By NCRI Staff
NCRI – Over the past few weeks, political prisoners in Iran’s Gohardasht Prison have been protesting against the intensified suppressive measures in the facility. The inmates’ hunger strike has garnered wide support by political prisoners throughout the country.
In recent months some of the prisoners had smuggled out letters describing the inhuman conditions at different prisons. Some called for justice for the families of political prisoners executed by the Iranian regime, including the 30,000 victims of the 1988 massacre. The regime has responded with further crackdowns.
In late July, political prisoners in Ward 4, Hall 12 of Gohardasht Prions were transferred to unbearable conditions in Hall 10, which is completely isolated and constantly monitored by 40 closed circuit cameras and 64 listening devices. All windows are sealed with metal plates, preventing any ventilation, and the hall lacks clean running water,
Prisoners had previously stated that if the transfer went ahead they would go on hunger strike, but on Sunday, July 30, more than 50 individuals were forcibly transferred. They were not allowed to take personal belongings, including medicine.
There are currently about 25 prisoners on hunger strike demanding their return to Hall 12 and the return of all personal belongings.
After four weeks, the physical condition of many participants has become seriously dangerous. They can barely walk and are suffering from heart, lung, and kidney ailments while being deprived of all medicine.
Abbas Jafari- Dolatabadi, the Prosecutor General of Tehran, who is currently on the EU sanctions list for gross and pervasive violations of human rights, said on August 23, “We say to some prisoners who go on hunger strike and make other threats that these actions have failed, and the judiciary will not surrender.”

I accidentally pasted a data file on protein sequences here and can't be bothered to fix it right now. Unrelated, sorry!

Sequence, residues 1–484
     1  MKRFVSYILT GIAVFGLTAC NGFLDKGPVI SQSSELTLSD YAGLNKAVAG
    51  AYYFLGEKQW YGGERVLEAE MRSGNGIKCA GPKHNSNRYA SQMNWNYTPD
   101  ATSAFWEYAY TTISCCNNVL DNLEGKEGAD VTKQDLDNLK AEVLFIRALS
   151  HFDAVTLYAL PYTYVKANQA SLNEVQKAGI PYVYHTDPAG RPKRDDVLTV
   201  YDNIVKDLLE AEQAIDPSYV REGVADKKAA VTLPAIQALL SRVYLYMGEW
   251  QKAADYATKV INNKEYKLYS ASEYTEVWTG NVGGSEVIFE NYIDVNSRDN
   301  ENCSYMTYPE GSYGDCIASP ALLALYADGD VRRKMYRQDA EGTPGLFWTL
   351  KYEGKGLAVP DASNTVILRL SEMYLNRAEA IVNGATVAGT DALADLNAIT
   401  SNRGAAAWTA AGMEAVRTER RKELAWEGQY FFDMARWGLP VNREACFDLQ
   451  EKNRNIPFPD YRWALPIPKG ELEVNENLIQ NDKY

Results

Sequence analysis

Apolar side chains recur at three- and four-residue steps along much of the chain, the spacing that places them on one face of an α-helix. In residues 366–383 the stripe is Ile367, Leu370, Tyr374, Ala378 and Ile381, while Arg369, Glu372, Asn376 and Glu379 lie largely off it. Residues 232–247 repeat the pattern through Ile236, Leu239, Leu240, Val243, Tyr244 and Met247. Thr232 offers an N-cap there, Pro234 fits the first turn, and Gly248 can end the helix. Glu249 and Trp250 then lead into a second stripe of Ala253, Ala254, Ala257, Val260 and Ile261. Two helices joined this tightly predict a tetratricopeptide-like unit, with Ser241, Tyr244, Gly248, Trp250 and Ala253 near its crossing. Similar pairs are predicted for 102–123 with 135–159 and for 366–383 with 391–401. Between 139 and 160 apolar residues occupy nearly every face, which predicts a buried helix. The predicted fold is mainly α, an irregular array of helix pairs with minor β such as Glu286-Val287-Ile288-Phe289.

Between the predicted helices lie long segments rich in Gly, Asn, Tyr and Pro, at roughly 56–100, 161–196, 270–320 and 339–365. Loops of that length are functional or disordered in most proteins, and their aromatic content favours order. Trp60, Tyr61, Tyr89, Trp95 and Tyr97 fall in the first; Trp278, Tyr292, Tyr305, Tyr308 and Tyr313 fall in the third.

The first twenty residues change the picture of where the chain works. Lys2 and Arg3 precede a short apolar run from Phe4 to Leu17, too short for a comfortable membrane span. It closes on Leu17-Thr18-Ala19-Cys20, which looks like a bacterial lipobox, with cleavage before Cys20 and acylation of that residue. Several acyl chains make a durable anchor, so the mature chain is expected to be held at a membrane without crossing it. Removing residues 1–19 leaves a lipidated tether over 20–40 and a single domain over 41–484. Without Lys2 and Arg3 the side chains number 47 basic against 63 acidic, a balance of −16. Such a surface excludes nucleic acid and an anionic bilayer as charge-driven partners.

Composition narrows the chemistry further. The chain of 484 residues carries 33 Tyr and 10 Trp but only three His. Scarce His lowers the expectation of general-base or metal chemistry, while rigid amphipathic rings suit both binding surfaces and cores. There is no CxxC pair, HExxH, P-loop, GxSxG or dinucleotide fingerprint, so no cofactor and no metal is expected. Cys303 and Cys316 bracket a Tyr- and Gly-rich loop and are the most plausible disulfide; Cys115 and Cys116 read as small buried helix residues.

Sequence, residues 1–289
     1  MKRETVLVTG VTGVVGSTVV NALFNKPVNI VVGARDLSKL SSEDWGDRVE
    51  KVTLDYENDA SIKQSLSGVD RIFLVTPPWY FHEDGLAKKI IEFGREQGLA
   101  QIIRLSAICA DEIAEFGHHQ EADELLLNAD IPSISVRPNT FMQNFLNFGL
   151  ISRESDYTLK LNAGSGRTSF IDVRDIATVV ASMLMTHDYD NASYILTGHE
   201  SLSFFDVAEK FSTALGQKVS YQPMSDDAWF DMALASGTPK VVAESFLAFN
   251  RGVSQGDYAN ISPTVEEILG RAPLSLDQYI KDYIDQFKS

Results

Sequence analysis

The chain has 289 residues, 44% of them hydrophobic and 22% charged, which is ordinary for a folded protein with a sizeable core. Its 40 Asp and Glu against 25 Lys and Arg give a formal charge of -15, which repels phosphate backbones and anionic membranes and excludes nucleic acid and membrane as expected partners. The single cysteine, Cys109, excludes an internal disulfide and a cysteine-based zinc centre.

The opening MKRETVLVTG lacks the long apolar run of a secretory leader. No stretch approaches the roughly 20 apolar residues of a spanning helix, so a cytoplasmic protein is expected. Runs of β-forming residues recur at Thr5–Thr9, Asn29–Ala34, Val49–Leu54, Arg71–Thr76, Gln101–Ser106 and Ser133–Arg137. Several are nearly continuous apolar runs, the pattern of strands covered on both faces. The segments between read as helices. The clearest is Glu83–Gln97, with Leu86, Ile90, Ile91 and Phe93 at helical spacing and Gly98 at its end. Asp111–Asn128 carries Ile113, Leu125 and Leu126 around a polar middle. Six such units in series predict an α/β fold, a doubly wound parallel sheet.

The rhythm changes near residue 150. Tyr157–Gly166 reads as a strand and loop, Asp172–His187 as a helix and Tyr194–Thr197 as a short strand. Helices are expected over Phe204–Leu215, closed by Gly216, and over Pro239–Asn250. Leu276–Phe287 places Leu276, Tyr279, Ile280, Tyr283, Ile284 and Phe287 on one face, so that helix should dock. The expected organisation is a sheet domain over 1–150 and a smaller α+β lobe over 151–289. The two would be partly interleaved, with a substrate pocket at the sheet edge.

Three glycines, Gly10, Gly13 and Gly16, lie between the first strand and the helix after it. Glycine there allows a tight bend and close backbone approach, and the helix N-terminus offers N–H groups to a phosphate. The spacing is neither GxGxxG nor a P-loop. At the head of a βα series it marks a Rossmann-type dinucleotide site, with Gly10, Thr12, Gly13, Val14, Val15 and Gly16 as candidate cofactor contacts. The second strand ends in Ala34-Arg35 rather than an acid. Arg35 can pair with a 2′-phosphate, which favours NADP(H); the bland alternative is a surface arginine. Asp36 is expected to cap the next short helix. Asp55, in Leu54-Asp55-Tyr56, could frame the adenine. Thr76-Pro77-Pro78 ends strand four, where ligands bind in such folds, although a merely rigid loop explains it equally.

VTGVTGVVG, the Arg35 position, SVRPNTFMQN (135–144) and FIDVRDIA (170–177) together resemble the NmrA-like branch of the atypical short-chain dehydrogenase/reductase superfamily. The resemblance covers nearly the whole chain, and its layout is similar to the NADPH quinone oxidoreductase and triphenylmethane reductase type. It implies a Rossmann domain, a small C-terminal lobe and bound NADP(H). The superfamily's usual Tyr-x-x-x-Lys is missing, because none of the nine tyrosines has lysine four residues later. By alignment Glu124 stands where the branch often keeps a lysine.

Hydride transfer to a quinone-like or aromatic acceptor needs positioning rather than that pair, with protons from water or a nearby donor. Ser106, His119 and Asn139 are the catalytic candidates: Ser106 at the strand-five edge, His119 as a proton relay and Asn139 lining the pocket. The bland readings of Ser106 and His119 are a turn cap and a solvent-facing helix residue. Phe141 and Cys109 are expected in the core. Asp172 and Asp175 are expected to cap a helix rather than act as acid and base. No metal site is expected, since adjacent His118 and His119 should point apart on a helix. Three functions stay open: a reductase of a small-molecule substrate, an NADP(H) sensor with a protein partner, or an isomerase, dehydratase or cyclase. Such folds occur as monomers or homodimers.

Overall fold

His remarks highlight the regime’s lack of respect for the minimum rights of prisoners, while also hinting at further threats. Nonetheless, other prisoners have declared their solidarity or joined the hunger strike.
The National Council of Resistance of Iran has expressed grave concern over the health and security of political prisoners on hunger strike. It has been calling on all international human rights organizations, especially the UN High Commissioner for Human Rights, the Special Rapporteur of Human Rights in Iran, and the Special Rapporteur on Torture to take urgent action to save their lives.
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Supporters of the resistance have shown support with worldwide rallies and their own symbolic hunger strikes.
On August 23, Amnesty International issued a statement regarding “Mass hunger strike by political prisoners in protest at inhumane conditions. Amnesty International’ s Deputy Middle East and North Africa Director said: “By detaining dozens of prisoners of conscience after grossly unfair trials the Iranian authorities are already shamelessly flouting their human rights obligations. These are people who shouldn’t even be behind bars in the first place, yet instead of being released from custody they are being punished further by being held in appalling conditions.”
Governments and international organizations should intervene in defense of the political prisoners and their legitimate demands before it is too late.